Nominations for the 56th GRAMMY Awards were announced tonight by The Recording Academy and reflected one of the most diverse years with the Album Of The Year category alone representing the rap, pop, country and dance/electronica genres, as determined by the voting members of The Academy. Once again, nominations in select categories for the annual GRAMMY Awards were announced on primetime television as part of "The GRAMMY Nominations Concert Live!! — Countdown To Music's Biggest Night," a one-hour CBS entertainment special broadcast live from Nokia Theatre L.A. Live.

Jay Z tops the nominations with nine; Kendrick Lamar, Macklemore & Ryan Lewis, Justin Timberlake, and Pharrell Williams each garner seven nods; Drake and mastering engineer Bob Ludwig are up for five awards.

"This year's nominations reflect the talented community of music makers who represent some of the highest levels of excellence and artistry of the year in their respective fields," said Neil Portnow, President/CEO of The Recording Academy. "Once again, The Academy's awards process and its voting membership have produced an impressive list of nominations across various genres promising music fans a spectacular show filled with stellar performances and unique 'GRAMMY Moments.' We are off to a great start and look forward to GRAMMY Sunday as Music's Biggest Night takes the stage."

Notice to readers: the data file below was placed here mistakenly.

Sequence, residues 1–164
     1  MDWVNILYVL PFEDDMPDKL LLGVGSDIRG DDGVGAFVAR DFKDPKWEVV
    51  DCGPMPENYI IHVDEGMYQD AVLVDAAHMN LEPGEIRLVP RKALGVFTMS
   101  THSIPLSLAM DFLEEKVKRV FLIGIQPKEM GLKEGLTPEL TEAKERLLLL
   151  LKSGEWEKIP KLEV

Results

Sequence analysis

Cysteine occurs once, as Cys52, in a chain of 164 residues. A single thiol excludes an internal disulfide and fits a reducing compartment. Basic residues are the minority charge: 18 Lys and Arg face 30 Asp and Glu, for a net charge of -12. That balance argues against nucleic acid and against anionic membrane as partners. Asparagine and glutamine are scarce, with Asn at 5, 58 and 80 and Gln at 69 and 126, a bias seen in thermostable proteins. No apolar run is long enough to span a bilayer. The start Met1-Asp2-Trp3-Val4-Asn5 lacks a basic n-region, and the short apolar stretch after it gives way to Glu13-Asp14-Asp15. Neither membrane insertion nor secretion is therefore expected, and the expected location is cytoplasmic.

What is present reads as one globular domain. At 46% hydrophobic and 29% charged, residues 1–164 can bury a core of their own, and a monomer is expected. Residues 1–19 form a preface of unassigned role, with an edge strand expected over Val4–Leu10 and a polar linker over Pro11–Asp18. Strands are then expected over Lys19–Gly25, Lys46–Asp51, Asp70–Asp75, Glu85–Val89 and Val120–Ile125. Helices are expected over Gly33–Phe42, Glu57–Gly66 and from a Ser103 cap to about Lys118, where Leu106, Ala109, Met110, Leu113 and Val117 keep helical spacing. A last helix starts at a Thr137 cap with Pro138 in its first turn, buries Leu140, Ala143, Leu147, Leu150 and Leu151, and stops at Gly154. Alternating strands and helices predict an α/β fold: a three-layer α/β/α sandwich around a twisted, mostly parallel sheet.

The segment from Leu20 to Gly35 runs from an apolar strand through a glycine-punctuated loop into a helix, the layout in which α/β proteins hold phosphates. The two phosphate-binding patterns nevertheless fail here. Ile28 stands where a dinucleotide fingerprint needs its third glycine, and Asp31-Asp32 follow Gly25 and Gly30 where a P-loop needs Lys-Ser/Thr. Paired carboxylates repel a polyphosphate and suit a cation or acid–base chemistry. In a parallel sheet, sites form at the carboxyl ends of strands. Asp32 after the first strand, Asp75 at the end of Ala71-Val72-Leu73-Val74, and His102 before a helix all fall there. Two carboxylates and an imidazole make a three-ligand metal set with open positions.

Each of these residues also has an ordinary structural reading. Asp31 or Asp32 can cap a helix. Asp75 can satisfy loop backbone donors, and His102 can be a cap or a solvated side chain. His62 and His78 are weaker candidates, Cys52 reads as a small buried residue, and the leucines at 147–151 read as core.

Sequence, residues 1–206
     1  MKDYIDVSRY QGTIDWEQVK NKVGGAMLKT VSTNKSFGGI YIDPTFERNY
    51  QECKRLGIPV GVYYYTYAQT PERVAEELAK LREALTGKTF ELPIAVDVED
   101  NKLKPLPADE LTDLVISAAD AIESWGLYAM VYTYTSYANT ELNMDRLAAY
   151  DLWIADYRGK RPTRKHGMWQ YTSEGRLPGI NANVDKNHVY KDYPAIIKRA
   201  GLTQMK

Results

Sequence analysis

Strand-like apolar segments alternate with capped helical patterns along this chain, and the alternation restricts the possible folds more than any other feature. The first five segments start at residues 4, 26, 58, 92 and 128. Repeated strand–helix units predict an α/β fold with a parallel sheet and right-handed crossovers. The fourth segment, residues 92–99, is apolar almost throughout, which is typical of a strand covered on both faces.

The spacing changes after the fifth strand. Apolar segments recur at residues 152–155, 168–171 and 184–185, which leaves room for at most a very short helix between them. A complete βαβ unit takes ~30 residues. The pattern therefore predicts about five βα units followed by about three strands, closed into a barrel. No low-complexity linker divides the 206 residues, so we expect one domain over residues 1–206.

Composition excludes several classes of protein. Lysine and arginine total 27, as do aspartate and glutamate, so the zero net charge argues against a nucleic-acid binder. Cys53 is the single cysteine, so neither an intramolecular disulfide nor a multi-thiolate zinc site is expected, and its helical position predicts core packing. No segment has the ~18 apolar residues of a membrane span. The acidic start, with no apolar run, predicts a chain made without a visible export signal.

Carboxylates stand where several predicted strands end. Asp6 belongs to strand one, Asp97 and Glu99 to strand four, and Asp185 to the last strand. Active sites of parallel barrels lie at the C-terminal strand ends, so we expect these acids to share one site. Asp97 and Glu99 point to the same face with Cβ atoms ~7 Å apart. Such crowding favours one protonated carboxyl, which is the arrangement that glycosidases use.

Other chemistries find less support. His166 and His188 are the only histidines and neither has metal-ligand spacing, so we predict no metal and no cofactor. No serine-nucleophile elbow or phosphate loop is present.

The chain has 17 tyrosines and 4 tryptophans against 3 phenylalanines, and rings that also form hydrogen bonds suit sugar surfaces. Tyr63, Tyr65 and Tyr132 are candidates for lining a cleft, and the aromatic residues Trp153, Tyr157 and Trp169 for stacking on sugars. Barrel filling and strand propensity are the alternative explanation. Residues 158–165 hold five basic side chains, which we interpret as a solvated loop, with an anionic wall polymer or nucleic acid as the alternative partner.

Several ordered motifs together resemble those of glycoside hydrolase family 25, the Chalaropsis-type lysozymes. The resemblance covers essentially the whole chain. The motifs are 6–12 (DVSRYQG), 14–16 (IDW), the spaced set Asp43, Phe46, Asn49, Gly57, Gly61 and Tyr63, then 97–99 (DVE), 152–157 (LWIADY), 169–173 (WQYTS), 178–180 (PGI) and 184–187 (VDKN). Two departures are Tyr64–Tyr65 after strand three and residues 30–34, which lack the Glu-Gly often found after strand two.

Following are the nominations in the General Field categories: 

Album Of The Year:
The Blessed Unrest — Sara Bareilles
Random Access Memories — Daft Punk
Good Kid, M.A.A.D City — Kendrick Lamar
The Heist — Macklemore & Ryan Lewis
Red — Taylor Swift

Record Of The Year:
"Get Lucky" — Daft Punk & Pharrell Williams
"Radioactive" — Imagine Dragons
"Royals" — Lorde
"Locked Out Of Heaven" — Bruno Mars
"Blurred Lines" — Robin Thicke Featuring T.I. & Pharrell Williams

Song Of The Year:
"Just Give Me A Reason" — Jeff Bhasker, Pink & Nate Ruess, songwriters (Pink Featuring Nate Ruess)
"Locked Out Of Heaven" — Philip Lawrence, Ari Levine & Bruno Mars, songwriters (Bruno Mars)
"Roar" — Lukasz Gottwald, Max Martin, Bonnie McKee, Katy Perry & Henry Walter, songwriters (Katy Perry)
"Royals" — Joel Little & Ella Yelich O'Connor, songwriters (Lorde)
"Same Love" — Ben Haggerty, Mary Lambert & Ryan Lewis, songwriters (Macklemore & Ryan Lewis Featuring Mary Lambert)

Best New Artist:
James Blake
Kendrick Lamar
Macklemore & Ryan Lewis
Kacey Musgraves
Ed Sheeran

Following is a sampling of nominations in the GRAMMY Awards' other 29 Fields:

For Best Pop Solo Performance, the nominees are "Brave" by Sara Bareilles; "Royals" by Lorde; "When I Was Your Man" by Bruno Mars; "Roar" by Katy Perry; and "Mirrors" by Justin Timberlake.

The nominees for Best Pop Duo/Group Performance are "Get Lucky" by Daft Punk & Pharrell Williams; "Just Give Me A Reason" by Pink Featuring Nate Ruess; "Stay" by Rihanna Featuring Mikky Ekko; "Blurred Lines" by Robin Thicke Featuring T.I. & Pharrell Williams; and "Suit & Tie" by Justin Timberlake & Jay Z.

For Best Dance/Electronica Album, the nominees are Random Access Memories by Daft Punk; Settle by Disclosure; 18 Months by Calvin Harris; Atmosphere by Kaskade; and A Color Map Of The Sun by Pretty Lights.

The Best Rock Performance nominees are "Always Alright" by Alabama Shakes; "The Stars (Are Out Tonight)" by David Bowie; "Radioactive" by Imagine Dragons; "Kashmir (Live)" by Led Zeppelin; "My God Is The Sun" by Queens Of The Stone Age; and "I'm Shakin'" by Jack White.

For Best Alternative Music Album, the nominees are The Worse Things Get, The Harder I Fight, The Harder I Fight, The More I Love You by Neko Case; Trouble Will Find Me by The National; Hesitation Marks by Nine Inch Nails; Lonerism by Tame Impala; Modern Vampires Of The City by Vampire Weekend.